Harvard Law School‘s Cyberlaw Clinic, based at Harvard’s Berkman Center for Internet & Society, provides high-quality, pro-bono legal services to appropriate clients on issues relating to the Internet, technology, and intellectual property. Students enhance their preparation for high-tech practice and earn course credit by working on real-world litigation, client counseling, advocacy, and transactional / licensing projects and cases. The Clinic strives to help clients achieve success in their activities online, mindful of (and in response to) existing law. The Clinic also works with clients to shape the law’s development through policy and advocacy efforts. The Cyberlaw Clinic was the first of its kind, and it continues its tradition of innovation in its areas of practice. The Clinic works independently, with law students supervised by experienced and licensed attorneys. In some cases, the Clinic collaborates with counsel throughout the country to take advantage of regional or substantive legal expertise.
From the Blog
On Friday the Cyberlaw Clinic filed an amicus letter (PDF) on behalf of Global Voices Advocacy and the Media Legal Defence Initiative on an important case concerning anti-SLAPP law in California, currently being petitioned for review by the Supreme Court of California. Anti-SLAPP laws exist in numerous states to protect those speaking in government proceedings or on matters of public concern from facing frivilous lawsuits designed to dissuade them from speaking out. (“SLAPP” is an acronym for “Strategic Lawsuits Against Public Participation.”) In order to quickly remove vexatious lawsuits while allowing valid claims to go through, courts considering an anti-SLAPP motion require plaintiffs to show that a lawsuit has merit before before allowing the litigation go forward. Under California’s anti-SLAPP law, this means the plaintiff must state and substantiate all elements of their claim if they want to proceed. When a lawsuit is based on a claim of defamation, this includes proving that the speaker acted with fault, either with negligence or “actual malice.” →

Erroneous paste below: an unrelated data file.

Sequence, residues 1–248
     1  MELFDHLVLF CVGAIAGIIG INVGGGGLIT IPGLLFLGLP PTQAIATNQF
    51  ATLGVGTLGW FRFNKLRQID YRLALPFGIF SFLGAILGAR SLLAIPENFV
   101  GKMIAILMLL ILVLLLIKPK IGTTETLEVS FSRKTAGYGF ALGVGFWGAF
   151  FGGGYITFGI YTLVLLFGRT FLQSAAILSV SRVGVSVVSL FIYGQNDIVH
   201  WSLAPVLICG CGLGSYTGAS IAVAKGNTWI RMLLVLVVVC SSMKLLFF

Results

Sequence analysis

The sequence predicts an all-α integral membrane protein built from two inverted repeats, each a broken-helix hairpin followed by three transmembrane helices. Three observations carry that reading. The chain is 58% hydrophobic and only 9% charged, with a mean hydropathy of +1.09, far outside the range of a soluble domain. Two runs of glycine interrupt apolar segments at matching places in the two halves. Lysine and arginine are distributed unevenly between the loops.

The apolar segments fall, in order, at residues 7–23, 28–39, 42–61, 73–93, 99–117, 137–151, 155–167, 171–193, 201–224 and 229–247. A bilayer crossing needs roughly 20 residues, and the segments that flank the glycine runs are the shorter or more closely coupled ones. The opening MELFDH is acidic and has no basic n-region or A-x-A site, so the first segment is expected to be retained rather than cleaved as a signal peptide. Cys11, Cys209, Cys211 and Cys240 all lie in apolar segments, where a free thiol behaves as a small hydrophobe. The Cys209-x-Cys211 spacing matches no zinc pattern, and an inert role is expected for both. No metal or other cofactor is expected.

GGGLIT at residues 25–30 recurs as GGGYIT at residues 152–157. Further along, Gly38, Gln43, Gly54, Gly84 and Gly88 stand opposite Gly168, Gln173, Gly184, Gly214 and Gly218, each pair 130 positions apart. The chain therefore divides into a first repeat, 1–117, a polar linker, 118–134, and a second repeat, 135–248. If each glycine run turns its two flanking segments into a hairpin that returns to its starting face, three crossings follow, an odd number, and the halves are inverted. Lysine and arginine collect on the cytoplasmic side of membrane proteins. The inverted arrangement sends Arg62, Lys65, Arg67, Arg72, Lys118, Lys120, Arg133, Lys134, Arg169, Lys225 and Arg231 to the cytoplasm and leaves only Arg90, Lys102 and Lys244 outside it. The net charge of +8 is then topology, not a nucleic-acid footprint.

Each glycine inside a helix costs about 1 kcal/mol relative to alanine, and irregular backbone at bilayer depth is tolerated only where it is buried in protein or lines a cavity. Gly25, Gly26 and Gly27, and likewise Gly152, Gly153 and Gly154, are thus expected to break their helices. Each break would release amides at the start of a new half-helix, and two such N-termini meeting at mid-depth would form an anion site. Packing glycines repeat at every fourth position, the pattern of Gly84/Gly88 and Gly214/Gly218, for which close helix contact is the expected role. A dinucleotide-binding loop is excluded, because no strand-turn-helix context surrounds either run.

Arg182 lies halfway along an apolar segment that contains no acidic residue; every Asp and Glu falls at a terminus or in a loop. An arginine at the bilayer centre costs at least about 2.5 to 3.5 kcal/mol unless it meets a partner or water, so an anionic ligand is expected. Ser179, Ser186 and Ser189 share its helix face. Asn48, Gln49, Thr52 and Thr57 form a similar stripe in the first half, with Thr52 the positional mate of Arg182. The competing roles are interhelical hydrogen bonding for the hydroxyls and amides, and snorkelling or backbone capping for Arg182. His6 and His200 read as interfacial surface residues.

“Bitcoin” and “law.” At first glance, the two concepts seem unlikely to appear together in a sentence, unless that sentence is “bitcoin exists outside the law” or “bitcoin was used to break the law.” Much of the mainstream media’s coverage of Bitcoin focuses on cases like the prosecution of the founder of Silk Road, a “Deep Web” marketplace where drugs were bought and sold using bitcoins. On the other hand, many within the Bitcoin community believe Bitcoin either cannot or should not be regulated.
GLOBE NEWSPAPER COMPANY, INC. v. SUPER. COURT FOR COUNTY OF NORFOLK | No. SJC-10798 | Mass. March 21, 2011 | The Cyberlaw Clinic prepared this amicus brief (pdf) with support from Prince Lobel Tye LLP. It was submitted to Massachusetts Supreme Judicial Court on behalf of Citizen Media Law Project, joined by Community Newspaper Holdings, Inc., GateHouse Media, Inc., Massachusetts Newspaper Publishers Association, Metro Corp. d/b/a/ Boston Magazine, and New England Newspaper and Press Association, Inc. Amici argued that a public right of access to inquest materials allows journalists, bloggers, and other news gatherers to inform citizens on matters of public concern